Before the year ends, I should post up an essay I wrote for the D8 design consultancy in Glasgow, celebrating ten years of talking about The Play Ethic (my chosen anniversary date was the appearance of my major essay in the Observer newspaper in October 2000). It's not a heavy theoretical read, has some clues towards my next burst of intellectual activity. All comments welcome.
Playing well: ten years of the Play Ethic
There's nothing like the tenth anniversary of your own cultural meme to help you mark the passage of time.
My Observer magazine cover article on The Play Ethic, titled "Play For Today", first appeared on October 22, 2000. The dot-bust was just reaching the peak of its fall-out, but had still left us all living in a new, weightless, connected world. Blairism was in its high pomp, heading for another New Labour landslide; meanwhile, a brand-new Scottish Parliament was stumbling to its feet.
And I was hoping that walking out of a well-paid editorial job with a brand-new newspaper, The Sunday Herald - and betting on a zeitgeist change - was the right thing to do.
I'll never regret the last minute panicked call to the editor: "make sure the website address is at the bottom of the piece!" A bit bemused, she assented. And thus my own meeting-place for thousands of global souls (or whatever over 220,000 page views translates to), increasingly intrigued by the power and potential of play over the last decade, was founded. (And yes, the web address will be at the end of this piece). It's been a fascinating lens through which to peer at some of the civilizational tumult of the Zeroes.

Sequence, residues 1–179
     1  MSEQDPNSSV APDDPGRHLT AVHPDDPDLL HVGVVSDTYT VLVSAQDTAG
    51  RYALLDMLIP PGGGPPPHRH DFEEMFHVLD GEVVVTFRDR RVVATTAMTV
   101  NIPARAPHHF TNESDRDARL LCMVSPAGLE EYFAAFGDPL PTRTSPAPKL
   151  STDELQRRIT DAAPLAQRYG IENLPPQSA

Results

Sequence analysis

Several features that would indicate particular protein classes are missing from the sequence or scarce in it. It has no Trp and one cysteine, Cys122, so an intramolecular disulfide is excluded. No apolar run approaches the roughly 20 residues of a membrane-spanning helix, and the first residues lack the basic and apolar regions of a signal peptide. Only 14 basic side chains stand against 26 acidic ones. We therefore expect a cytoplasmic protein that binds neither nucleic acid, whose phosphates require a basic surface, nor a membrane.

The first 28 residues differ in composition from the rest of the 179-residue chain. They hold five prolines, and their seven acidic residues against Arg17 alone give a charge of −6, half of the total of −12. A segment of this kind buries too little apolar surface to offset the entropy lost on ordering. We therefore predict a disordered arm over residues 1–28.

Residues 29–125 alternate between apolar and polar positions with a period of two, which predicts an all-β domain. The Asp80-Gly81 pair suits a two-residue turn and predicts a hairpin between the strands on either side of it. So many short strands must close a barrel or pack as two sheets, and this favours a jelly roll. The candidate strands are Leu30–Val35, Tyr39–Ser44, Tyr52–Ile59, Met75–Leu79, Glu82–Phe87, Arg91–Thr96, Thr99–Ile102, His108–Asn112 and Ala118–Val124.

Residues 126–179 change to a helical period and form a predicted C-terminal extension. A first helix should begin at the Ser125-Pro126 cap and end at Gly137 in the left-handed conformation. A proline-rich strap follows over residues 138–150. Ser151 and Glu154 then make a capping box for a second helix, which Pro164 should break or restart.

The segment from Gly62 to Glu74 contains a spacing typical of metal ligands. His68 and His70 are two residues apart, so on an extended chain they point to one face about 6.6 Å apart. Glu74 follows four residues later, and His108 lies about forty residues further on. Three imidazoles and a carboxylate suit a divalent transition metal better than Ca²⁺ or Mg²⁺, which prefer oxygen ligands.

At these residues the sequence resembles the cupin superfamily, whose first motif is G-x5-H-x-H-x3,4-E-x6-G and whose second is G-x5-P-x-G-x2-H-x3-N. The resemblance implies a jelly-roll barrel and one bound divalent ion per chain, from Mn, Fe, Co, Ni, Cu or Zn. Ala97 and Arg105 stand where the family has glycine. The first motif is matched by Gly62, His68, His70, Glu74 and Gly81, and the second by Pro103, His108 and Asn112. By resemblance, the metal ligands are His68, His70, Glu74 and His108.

In a sentence, the Play Ethic was intended to be what comes after the Work Ethic. Whereas the latter was a legitimating creed for the duty, routine, steady production and social self-restraint appropriate to the industrial era, the former was a mentality to help us get the best out of the informational era.
I wanted a new generation of "soulitarians" to exult in the flexibility of new kinds of employment, to be excited about the transformative power of digitality and networks, to recover a child-like sense of optimism and creativity that could now express itself in the mainstream of our lives. Even in the ruins of the Dot-Bust, and in defiance of the weird "new work ethic" promulgated by the even weirder Gordon Brown, it seemed to me like a major shift in the common-sense of our public and private lives was underway.
And then halfway through the write up of the Play Ethic book, in September 11, 2001, a screaming came across the sky... That delayed the book, which finally published in late 2004. But what it also had to change was a sense - something that I've been struggling with ever since - that the "playfulness" I'd been counterposing to a stiff, commanding-and-controlling, experiment-fearing world of organisational orthodoxy was perhaps too culturally specific.